Actors David Oyelowo, Daniel Radcliffe and Emma Stone and director Justin Lin were among an unusually large and demographically broad group invited to join the Academy of Motion Picture Arts and Sciences this week.
The academy added 322 new members, its largest class ever, continuing an effort to diversify the primarily white, older, male group. The class of 2015 brings the academy membership to more than 7,000.
"This organization is very much committed to a normalization of our membership to represent both the industry and the country as a whole," said academy President Cheryl Boone Isaacs in an interview Friday. "For a little bit here we had a quota system, a limit of membership. We were thought we were missing out on talented folks that come from all different areas. We lifted that and we have seen an increase in gender, color, age, nationality, all goals we set for ourselves, to be more representative of our audience."
The diversity push follows a period in which the academy has come under fire for the homogeneity of its taste, as well as its membership. In January, all 20 of the group's nominees for the acting Oscar were white. The omission of any minority actors – most notably "Selma's" Oyelowo -- inspired the Twitter trending hashtag #OscarsSoWhite and a call for an emergency meeting by activist Al Sharpton.
"Every year there are personally men and women who I'm surprised they didn't get a nomination," said Boone Isaacs, who was elected the academy's first African-American president in 2013. "This year was no different. I thought this was going to be a much-discussed topic, as it has been."
The academy does not release demographic information on its members, but a Times analysis of those asked to join this year found that more than 23% were people of color and more than 28% were women.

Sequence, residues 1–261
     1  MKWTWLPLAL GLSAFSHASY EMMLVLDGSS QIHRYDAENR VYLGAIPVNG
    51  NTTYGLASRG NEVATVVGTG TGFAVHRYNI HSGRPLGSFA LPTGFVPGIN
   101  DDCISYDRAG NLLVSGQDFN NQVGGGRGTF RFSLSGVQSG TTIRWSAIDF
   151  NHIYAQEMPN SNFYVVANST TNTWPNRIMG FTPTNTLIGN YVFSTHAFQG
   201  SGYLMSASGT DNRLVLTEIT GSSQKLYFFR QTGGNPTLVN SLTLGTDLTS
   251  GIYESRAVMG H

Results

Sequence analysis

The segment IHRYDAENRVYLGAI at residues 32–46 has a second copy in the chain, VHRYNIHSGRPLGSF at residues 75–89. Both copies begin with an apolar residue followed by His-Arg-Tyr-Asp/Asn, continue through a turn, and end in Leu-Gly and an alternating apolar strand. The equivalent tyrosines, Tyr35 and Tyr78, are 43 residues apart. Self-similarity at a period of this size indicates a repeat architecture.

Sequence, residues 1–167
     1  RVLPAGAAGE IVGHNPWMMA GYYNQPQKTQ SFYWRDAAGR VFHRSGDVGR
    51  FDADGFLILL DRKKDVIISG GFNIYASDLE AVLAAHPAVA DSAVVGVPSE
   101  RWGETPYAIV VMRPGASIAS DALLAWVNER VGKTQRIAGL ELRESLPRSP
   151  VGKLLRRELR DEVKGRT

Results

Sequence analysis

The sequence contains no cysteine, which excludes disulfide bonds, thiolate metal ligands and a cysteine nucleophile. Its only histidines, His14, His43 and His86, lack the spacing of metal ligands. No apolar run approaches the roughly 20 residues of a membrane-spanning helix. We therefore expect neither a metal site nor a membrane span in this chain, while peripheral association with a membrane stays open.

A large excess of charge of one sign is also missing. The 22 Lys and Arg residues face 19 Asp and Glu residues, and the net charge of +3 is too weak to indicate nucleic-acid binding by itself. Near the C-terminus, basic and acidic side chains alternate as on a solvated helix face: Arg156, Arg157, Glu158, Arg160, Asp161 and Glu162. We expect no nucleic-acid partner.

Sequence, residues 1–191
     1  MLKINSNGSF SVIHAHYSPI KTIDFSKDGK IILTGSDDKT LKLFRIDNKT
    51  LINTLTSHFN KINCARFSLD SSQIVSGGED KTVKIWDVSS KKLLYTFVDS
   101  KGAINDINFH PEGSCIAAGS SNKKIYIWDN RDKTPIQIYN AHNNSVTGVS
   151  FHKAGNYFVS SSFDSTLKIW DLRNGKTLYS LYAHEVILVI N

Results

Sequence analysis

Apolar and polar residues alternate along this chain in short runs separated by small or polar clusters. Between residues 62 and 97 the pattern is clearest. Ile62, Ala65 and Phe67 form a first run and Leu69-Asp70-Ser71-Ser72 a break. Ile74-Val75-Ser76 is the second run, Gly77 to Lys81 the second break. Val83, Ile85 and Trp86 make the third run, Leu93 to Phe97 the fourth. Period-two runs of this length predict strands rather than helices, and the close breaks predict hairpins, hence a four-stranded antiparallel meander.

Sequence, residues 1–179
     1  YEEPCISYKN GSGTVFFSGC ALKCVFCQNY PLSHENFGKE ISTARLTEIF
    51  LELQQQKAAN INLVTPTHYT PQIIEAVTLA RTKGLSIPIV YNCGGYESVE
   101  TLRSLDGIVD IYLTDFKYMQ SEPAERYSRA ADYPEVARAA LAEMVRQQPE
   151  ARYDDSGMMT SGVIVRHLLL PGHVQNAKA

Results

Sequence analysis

A 2012 Times study found that 94% of Oscar voters were white and 77% were male; academy members were found to have a median age of 62. When
"The academy sets the standard for what is considered art," said Darnell Hunt, professor of sociology and director of the Ralph J. Bunche Center for African American Studies at UCLA, in an interview Friday. "When you have an academy made up of white men, their sensibilities set the tone for what's considered the highest achievement in film. I would bet my life that when the voting membership becomes more diverse, the winners will become more diverse."
This year's class is 51 more than in 2014, when the academy admitted 271 members to its ranks, and 176 more than in 2012.
Other new members include actors Benedict Cumberbatch ("The Imitation Game"), Kevin Hart ("The Wedding Ringer") and Gugu Mbatha-Raw ("Belle"), directors Malcolm D. Lee (
Historically the academy has invited roughly the same number of people to join as those who have died, retired or resigned -- a factor which has made the organization slower to change. But the group softened its membership quotas in 2013 as part of an overall diversity effort.
New members come from last year's Oscar nominees, as well as those selected by individual branches such as editors and designers.
The academy is also limited in drawing from an industry that faces representation issues of its own. Less than 5% of major studio movies were directed by women last year, and the American Civil Liberties Union has asked three government agencies to investigate the industry's hiring practices for evidence of discrimination.
The expanded membership comes at a crucial time for the academy financially – this week the Los Angeles City Council approved its plans to build a $300 million museum on the former May Co. department store site adjoining the
"That was a major milestone for us," Boone Isaacs said. "We are picking up steam. We have secured more than $250 million in cash and pledges. That also speaks very well of the project."
Women and minorities are expected to take on bigger leadership roles at the academy as well, with many running for seats on the 51-member board of governors, including "Selma" director Ava DuVernay, an African-American woman. According to a ballot first published in the Hollywood Reporter, 27 of 67 board candidates are women and seven are minorities.
"All of the branches have really stepped up this whole initiative of inclusion, of recognizing talent, period," Boone Isaacs said. "We're seeing movement in many different areas and this is one of them."